Quinault Indian Nation Councilman Larry Ralston
A vehicle is stranded in flood waters on the Quinault Indian

Deluge Causes Flooding, Mudslides, State of Emergency on Quinault Reservation


Beset by two straight days of heavy rain that caused flooding, landslides, culvert failures and washouts, and a potentially compromised sewage treatment plant, the Quinault Indian Nation on January 5 declared a state of emergency. 

With major roads closed and all the tribe’s buildings and infrastructure being inspected for damage, Quinault President Fawn Sharp said the flooding was unprecedented.

“The Moclips Highway 109 Bridge near Quinault Village, a main access road to and from the Nation, has been washed out and closed,” she said in a statement. “That is a major problem for the Tribe. The Moclips River flooding is the worst I've seen it.”

She said that one major highway “could take days to repair” and that other road closures could affect commuters.

The “torrential storm” swept through parts of western Washington State Sunday and Monday, the Seattle Times reported, forcing evacuations in the city of Snoqualmie as well as along the coast. In all, a dozen rivers flooded in the region, with parts of the Cascades getting more than six inches of rain in the deluge, and up to 13 inches in parts of the southwest Olympic Mountains, the Seattle Times said.

Previous flooding threats have come from the rising sea at the Quinault's doorstep.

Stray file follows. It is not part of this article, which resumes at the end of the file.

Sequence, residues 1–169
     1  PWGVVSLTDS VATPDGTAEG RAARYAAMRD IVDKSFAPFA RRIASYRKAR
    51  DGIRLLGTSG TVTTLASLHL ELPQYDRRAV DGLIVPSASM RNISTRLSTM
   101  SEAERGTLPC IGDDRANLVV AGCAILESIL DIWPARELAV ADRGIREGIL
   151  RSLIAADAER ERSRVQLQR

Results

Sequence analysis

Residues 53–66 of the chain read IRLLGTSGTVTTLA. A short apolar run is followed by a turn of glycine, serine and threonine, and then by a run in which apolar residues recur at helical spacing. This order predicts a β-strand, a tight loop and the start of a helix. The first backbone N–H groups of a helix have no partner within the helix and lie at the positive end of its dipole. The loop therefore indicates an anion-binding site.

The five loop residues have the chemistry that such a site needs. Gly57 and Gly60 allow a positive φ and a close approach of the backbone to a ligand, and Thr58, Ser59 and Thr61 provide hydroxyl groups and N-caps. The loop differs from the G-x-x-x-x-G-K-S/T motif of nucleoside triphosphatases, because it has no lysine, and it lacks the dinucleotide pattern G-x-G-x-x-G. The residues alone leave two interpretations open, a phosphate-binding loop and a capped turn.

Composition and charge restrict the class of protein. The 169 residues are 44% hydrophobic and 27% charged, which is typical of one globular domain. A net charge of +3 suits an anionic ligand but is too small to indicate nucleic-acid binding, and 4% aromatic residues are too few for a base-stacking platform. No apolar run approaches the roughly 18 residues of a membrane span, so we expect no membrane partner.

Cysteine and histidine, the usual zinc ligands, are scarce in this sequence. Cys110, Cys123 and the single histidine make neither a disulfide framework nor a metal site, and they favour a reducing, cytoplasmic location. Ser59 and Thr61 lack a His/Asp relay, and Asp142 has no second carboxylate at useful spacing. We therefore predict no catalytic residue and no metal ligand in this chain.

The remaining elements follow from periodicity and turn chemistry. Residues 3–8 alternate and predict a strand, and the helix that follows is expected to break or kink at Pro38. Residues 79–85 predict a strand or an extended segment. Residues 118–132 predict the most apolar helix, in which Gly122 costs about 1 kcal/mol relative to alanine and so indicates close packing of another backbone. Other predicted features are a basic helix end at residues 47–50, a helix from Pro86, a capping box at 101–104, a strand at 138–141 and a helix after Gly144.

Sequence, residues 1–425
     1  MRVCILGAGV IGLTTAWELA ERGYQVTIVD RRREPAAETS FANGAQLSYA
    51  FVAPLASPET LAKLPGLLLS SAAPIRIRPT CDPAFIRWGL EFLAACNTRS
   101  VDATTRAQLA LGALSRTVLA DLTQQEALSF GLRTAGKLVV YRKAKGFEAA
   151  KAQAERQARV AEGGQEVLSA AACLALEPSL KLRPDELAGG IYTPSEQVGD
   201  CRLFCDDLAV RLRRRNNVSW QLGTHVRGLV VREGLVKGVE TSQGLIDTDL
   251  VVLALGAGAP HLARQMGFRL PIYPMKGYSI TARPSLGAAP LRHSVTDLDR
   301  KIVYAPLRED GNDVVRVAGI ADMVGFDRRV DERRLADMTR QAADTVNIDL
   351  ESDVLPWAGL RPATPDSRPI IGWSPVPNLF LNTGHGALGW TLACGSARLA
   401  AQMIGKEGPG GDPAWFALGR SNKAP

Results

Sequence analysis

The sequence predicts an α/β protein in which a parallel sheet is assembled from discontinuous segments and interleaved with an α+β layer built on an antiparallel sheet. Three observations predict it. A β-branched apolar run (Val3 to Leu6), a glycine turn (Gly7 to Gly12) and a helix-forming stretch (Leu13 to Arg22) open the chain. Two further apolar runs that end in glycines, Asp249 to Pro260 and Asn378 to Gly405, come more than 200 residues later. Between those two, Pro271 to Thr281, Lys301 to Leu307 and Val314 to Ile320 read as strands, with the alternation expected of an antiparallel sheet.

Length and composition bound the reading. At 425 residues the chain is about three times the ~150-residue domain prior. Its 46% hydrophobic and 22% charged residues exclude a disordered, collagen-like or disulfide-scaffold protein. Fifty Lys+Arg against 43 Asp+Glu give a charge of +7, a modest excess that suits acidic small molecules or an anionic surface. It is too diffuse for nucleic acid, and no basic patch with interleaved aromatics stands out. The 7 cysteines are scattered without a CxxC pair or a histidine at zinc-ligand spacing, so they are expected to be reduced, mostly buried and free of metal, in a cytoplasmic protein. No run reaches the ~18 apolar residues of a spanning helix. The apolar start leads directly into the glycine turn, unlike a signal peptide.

RELATED: Quinault Nation Declares State of Emergency After Taholah Seawall Breach

But on Monday the threats were coming from inland. The Moclips River was overflowing its banks a mile south of the Moclips High. The thoroughfare SR 109 in Moclips was closed after the river “claimed at least two vehicles,” Sharp said.

“One belonged to a Quinault elder and was left abandoned on the highway in the flood," Sharp said. "An unknown number of other tribal members who live adjacent to the River were evacuated at midnight last night and are now taking refuge at the Quinault Beach Resort and Casino in Ocean Shores. This section of SR 109 is closed until further notice. SR 109 is very treacherous for motorists currently due to standing water and debris caused by the flooding.”

The sewage treatment plant may also have been damaged by flooding from the Queets River, the tribe said, and was being monitored. Beaches were declared off-limits as well, because surf was up and it was not safe to drive there, the Nation said.

“We are very happy and relieved to report that, to our knowledge, there has been no loss of life or injury caused by this heavy rain and flooding,” Sharp said.

A flood watch was also issued for the Chehalis River by the National Weather Service, the statement said, as warmer weather turned snow to rain in the mountains.

“The good news is that the rainfall is expected to diminish this evening and is not likely to return until Friday,” Sharp said on Monday January 5. “But it is important for people to remain alert for potential slides, lingering flood dangers and infrastructure damage. Please, start this new year off safely.”

The washed-out Moclips Bridge on the Quinault Indian Reservation. (Photo: Fawn Sharp)

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